Robinson and Adams continue blame game

It seems DUP leader Peter Robinson is now fully aware of the chill economic winds blowing through Northern Ireland and like any decent politician worth his salt, has embarked on a policy of blaming someone else for the upcoming woes. While others blame, for example, the banks, Robinson preferred instead to focus on Sinn Féin when addressing a business dinner in East Belfast.

According to Robinson:

These are critical months for Northern Ireland not just in relation to building for our long term economic wellbeing but also in dealing with the present economic difficulties. The refusal of Sinn Fein to agree to an Executive meeting since last June has not only damaged the credibility of devolution in the eyes of the public but it is also damaging to the credibility of Northern Ireland in the wider world.

At a time when Governments around the world are acting to deal with the financial crisis our Executive is not even meeting. The role of the Executive in dealing with global problems is limited but the very least that people expect is that their politicians seek to deal with their problems. Again let me make it plain. I want the Executive to meet. I want it to meet immediately and I am placing no conditions on it meeting. Sinn Fein alone is blocking the process.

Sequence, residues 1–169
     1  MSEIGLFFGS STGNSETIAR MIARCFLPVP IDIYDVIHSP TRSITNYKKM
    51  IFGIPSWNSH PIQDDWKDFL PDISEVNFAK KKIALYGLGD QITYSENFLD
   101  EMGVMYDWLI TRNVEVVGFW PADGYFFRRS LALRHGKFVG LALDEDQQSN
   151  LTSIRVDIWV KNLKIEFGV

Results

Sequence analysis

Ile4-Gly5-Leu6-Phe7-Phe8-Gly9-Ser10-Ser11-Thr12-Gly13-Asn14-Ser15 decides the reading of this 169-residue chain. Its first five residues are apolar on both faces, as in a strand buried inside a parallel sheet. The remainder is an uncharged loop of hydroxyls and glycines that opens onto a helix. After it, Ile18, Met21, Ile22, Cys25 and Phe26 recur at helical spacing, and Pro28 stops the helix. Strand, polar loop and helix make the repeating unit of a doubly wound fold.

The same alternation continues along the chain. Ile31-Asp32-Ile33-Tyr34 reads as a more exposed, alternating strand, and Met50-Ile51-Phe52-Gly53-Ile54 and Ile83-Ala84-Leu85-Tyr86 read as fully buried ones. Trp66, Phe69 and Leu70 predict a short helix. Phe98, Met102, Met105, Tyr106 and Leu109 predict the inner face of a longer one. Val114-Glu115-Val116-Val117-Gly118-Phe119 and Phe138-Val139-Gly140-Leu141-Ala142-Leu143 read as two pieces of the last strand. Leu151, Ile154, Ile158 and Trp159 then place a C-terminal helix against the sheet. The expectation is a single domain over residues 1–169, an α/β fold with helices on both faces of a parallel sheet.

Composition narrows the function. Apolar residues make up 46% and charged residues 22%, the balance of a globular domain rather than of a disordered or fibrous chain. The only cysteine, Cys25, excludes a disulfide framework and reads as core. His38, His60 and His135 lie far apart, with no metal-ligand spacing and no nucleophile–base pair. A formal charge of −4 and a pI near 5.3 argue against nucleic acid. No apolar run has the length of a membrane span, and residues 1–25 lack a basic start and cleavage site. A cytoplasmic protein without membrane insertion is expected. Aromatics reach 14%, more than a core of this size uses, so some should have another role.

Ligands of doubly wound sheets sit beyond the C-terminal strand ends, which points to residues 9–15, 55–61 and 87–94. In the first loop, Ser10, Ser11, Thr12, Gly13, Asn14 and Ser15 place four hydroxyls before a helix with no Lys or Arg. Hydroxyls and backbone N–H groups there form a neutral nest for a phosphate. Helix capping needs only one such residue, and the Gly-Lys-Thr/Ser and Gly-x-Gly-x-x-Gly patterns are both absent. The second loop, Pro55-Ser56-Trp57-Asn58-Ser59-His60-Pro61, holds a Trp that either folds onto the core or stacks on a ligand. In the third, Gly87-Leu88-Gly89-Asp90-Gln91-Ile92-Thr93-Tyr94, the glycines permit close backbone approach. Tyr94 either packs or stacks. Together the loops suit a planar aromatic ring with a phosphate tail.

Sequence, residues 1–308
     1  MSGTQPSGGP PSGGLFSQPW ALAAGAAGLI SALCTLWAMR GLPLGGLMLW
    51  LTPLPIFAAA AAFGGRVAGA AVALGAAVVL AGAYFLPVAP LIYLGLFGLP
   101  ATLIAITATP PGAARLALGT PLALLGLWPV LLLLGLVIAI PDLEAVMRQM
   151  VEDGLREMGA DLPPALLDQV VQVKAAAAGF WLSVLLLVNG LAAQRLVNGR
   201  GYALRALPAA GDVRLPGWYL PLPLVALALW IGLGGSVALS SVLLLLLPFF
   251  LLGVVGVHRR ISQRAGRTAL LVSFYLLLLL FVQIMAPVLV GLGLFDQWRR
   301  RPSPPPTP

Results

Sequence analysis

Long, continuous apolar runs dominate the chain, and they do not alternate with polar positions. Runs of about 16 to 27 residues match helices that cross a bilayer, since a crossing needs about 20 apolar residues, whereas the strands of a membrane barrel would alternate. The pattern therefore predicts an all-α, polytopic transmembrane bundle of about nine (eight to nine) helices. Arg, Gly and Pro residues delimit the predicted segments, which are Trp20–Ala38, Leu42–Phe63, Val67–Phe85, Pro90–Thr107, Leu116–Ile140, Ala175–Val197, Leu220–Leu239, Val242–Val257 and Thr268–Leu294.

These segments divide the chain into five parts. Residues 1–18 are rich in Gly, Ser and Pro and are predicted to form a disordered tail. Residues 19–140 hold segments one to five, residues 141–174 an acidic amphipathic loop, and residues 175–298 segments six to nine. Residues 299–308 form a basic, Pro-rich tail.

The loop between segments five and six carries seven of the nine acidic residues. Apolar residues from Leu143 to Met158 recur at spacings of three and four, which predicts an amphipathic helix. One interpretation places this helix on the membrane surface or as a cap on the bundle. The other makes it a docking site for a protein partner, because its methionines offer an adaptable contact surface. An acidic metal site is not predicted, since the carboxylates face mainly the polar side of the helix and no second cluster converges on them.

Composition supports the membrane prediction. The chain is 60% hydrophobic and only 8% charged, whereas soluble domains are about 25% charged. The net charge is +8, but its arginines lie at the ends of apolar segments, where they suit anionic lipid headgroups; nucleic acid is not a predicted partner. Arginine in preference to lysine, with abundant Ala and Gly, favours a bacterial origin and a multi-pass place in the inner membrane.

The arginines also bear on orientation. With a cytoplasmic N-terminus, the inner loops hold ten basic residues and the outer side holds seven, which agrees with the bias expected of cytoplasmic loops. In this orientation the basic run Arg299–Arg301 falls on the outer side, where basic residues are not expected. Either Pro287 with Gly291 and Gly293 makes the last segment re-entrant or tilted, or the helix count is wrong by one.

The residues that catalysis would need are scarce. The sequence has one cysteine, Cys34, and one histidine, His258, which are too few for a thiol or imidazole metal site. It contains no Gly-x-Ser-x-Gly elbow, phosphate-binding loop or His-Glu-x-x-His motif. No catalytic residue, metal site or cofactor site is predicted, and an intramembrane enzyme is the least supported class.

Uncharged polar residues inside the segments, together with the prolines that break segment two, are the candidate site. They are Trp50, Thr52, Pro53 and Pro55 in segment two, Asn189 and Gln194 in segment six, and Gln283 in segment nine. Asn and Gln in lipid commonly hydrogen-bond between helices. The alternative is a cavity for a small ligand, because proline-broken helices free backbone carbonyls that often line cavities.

He continues:

International investors will not wait around forever and in an ever increasingly competitive market we can simply not afford the present Sinn Fein obstruction of the Executive. Nor can we delay getting to grips with the necessary reforms that Northern Ireland needs in order to move ahead.

In contrast, last March Secretary for State for Northern Ireland Shaun Woodward also expressed his concerns about international investors being scared off by the continuing logjam in Northern Ireland but he seemed to be blaming the lack of a completion of devolution, namely policing and justice powers, as the main cause:

But no-one should be under any illusion that the completion of devolution is crucial for the long term stability and prosperity of Northern Ireland. When it happens, it will send out a clear signal around the world that Northern Ireland is a sound investment for the future.

But rather than do the simple thing and hold a line similar to Woodward in the ongoing impasse with the DUP, Sinn Féin leader Gerry Adams has returned to familiar ground, preferring instead to accuse unionists of simply not wanting to share power with Catholics:

It is obvious that there are elements with the DUP who do not agree with power sharing and partnership as a political model or a practical politics. In addition, there are clearly elements of the DUP who really don’t want to have a Catholic about the place. They are opposed to power sharing in any form. And some of them clearly believe that by stalling and delaying they can hollow out the Good Friday and St Andrews Agreements. As a result of this opposition the DUP has been retreating from its obligations under the St Andrews Agreement.

Meanwhile, the Dow Jones dropped 700 points in the first few minutes of trade before recovering as the rollercoaster ride continues on the stock markets, while the ISEQ is probably languishing at a level lower than it was when the Good Friday Agreement was signed over a decade ago.

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